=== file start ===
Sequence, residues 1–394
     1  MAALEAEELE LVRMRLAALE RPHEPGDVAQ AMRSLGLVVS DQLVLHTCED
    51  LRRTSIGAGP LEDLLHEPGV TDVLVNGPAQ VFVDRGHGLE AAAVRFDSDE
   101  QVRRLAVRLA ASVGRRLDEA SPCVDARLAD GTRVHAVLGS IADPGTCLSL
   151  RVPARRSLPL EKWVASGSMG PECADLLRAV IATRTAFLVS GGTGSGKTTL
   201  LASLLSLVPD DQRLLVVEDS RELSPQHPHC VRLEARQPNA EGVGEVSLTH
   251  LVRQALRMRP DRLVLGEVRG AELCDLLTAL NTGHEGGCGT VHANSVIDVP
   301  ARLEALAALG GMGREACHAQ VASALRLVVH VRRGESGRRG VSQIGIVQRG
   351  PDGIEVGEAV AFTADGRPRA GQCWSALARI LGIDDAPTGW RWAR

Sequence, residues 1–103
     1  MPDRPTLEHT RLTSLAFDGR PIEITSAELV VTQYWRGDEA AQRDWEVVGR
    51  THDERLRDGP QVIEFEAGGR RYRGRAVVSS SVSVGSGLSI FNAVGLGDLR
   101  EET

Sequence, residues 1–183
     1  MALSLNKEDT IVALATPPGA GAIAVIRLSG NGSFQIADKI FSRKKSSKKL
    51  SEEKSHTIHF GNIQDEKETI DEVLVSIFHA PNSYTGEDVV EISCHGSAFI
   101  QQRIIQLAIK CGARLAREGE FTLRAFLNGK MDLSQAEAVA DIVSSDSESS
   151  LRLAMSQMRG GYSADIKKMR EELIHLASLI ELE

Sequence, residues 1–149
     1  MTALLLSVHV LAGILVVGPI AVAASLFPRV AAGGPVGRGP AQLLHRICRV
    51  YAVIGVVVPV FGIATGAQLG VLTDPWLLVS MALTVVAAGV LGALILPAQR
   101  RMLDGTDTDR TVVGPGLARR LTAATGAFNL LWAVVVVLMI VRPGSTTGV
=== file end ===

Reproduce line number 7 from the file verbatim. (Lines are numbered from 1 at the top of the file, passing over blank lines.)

   251  LVRQALRMRP DRLVLGEVRG AELCDLLTAL NTGHEGGCGT VHANSVIDVP